Viewing cable 10GENEVA152, BRAZIL CRITICIZES CHINA OVER "LAND GRABS" IN AFRICA
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|10GENEVA152||2010-02-26 16:21||2011-08-30 01:44||UNCLASSIFIED//FOR OFFICIAL USE ONLY||Mission Geneva|
VZCZCXRO4482 RR RUEHRN DE RUEHGV #0152 0571623 ZNR UUUUU ZZH R 261621Z FEB 10 FM USMISSION GENEVA TO RUEHC/SECSTATE WASHDC 0428 INFO RUEHFR/USMISSION OECD PARIS 0001 RUEHGV/USMISSION GENEVA RUEHRC/USDA FAS WASHDC RUEHRN/USMISSION UN ROME 0001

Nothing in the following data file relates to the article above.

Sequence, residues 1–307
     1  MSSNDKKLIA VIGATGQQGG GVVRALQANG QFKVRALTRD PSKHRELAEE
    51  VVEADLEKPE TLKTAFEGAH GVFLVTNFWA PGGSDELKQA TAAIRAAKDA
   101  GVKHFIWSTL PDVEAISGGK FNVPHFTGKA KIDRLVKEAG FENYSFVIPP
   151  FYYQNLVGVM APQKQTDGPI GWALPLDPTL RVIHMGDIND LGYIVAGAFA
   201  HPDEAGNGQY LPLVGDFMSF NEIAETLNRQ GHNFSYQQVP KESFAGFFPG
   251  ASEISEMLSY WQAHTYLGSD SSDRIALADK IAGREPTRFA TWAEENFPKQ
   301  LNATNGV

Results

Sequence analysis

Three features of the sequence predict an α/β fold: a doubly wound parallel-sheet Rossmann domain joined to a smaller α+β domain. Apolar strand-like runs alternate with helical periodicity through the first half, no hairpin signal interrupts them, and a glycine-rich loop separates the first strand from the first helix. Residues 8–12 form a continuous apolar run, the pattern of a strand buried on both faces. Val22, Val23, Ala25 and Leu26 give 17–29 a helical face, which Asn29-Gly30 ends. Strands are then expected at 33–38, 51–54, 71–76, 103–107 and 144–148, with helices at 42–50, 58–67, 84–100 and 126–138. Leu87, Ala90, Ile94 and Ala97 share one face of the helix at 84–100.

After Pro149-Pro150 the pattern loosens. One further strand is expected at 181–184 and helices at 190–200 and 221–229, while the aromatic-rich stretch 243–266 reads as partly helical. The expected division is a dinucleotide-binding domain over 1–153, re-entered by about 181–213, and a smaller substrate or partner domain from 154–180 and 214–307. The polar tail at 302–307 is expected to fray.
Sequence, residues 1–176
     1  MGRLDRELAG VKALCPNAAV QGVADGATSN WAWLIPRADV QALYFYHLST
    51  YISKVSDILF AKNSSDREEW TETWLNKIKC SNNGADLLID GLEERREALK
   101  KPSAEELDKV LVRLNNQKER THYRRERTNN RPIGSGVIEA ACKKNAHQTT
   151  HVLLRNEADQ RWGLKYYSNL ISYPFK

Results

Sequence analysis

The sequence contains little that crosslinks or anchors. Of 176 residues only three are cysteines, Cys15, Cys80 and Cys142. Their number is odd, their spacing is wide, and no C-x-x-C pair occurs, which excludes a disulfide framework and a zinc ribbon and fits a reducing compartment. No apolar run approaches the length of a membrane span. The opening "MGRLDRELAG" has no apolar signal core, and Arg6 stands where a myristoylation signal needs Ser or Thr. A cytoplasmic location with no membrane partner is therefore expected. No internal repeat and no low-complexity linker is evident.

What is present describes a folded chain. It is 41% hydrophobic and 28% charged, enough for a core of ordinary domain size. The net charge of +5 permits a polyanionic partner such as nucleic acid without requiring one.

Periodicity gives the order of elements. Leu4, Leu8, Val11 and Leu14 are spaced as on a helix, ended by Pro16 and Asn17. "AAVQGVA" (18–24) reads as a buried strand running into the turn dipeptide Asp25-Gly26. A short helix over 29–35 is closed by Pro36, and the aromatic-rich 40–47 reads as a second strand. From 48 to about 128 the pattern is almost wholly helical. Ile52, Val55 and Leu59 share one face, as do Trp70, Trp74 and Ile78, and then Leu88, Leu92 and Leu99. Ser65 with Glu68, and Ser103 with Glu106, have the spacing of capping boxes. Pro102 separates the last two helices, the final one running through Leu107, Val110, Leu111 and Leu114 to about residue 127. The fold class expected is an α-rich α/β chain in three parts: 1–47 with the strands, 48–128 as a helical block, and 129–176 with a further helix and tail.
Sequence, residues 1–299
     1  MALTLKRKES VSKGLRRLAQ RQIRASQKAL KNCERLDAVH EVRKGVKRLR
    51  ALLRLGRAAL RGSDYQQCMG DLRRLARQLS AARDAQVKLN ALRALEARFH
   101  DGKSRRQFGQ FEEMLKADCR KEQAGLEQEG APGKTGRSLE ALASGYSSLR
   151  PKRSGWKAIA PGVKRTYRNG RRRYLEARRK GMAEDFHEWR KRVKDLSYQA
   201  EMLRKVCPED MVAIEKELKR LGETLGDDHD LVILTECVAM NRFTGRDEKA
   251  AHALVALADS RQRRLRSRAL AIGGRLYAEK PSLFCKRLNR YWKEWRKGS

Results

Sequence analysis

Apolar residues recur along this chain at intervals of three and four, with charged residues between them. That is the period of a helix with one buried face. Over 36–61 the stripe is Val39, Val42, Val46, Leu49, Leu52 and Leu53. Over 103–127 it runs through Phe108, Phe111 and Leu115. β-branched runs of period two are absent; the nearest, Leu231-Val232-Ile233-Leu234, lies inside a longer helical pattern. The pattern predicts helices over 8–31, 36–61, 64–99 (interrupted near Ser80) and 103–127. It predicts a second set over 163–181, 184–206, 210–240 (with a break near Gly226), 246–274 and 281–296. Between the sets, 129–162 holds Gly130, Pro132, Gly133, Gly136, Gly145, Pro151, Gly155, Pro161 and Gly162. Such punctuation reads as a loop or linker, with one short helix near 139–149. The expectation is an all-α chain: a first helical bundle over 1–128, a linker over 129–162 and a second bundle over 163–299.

UNCLAS GENEVA 000152 SENSITIVE SIPDIS E.O. 12958: N/A TAGS: UNCTAD ECON SUBJECT: BRAZIL CRITICIZES CHINA OVER "LAND GRABS" IN AFRICA SENSITIVE BUT UNCLASSIFIED ¶1. (SBU) Summary: At an UNCTAD meeting on investment in agriculture on February 3, China became the central focus of criticism amid a chorus of concerns about the economic, food security, environmental and social impact of large foreign purchases of agricultural lands in developing countries. Of particular note, a Brazilian Ministry of Agriculture official publicly put China on the side of "land grabbing" in developing countries. A number of countries indicated that they found China's defense unconvincing. According to other member states, discussion of FDI in agriculture may surface again at the OECD Investment Committee meeting from March 22 to 26 and the UNCTAD Investment Commission meeting from April 26-30. End Summary. BRAZIL BLASTS CHINA ¶2. (SBU) In addressing delegates from approximately 50 countries, a Ghanaian agricultural trade unionist pointed to an "ongoing land grabbing spree in Ghana and some 10 or so African countries for biofuel production activities." In turn, a Chinese Ministry of Commerce official asserted that contract farming and foreign investments in agricultural lands are based on an equal partnership between host governments and foreign investors and that large farming operations achieve economies of scale and increase agricultural productivity. The Chinese official's remarks prompted Brazil's delegate to chide China for endorsing "land grabbing." ¶3. (SBU) Privately, the Brazilian Ministry's Advisor on Foreign Investment equated China's acquisition of land and resources in Africa to "neo-colonialism" and told EconOff, "I do not want this in my country." The French delegate told EconOff that China's comments indicated no sympathy for small farmers and implied that China saw large communist-style farms at the approach for all developing nations. RESPONSIBLE INVESTMENT IN AGRICULTURE ¶4. (SBU) In response to a backlash against its own investors' overseas land purchases, Japan is promoting an effort by multilateral institutions to draft principles for responsible investment in agriculture. While Japan's Ambassador in Geneva held the chair for the meeting, the Japanese Economic Counselor confided that his country declined to take a more vocal "pro-business" stance in the discussion because China's remarks had stirred up so much acrimony. At the conclusion of the meeting on February 5, the Japanese Economic Counselor told the forum that the discussion had been a useful "intellectual building block" that would further multilateral discussion on how to address concerns about large investments in agricultural lands. ¶5. (SBU) Many countries continue to approach this discussion with caution. German and French delegates both told EconOff that they have not had significant complaints about the activity of their investors and do not yet have a clear sense of how multilateral guidelines could affect their interests. The Indonesian delegation notably remained silent throughout the meeting. A Thai delegate said privately that her government is reluctant to take a public stance on the issue until it uncovers the identities of investors behind large land purchases in Thailand. ¶6. (SBU) Comment: Some emerging markets and developing nations are reacting sharply to foreign investors' land purchases. U.S. investors, however, were never the subject of criticism at this meeting. Japan took extra care to manage the discussion and instead saw criticism focus on China. Brazil may see an opportunity for its leadership in addressing the concerns of African nations. End Comment. KING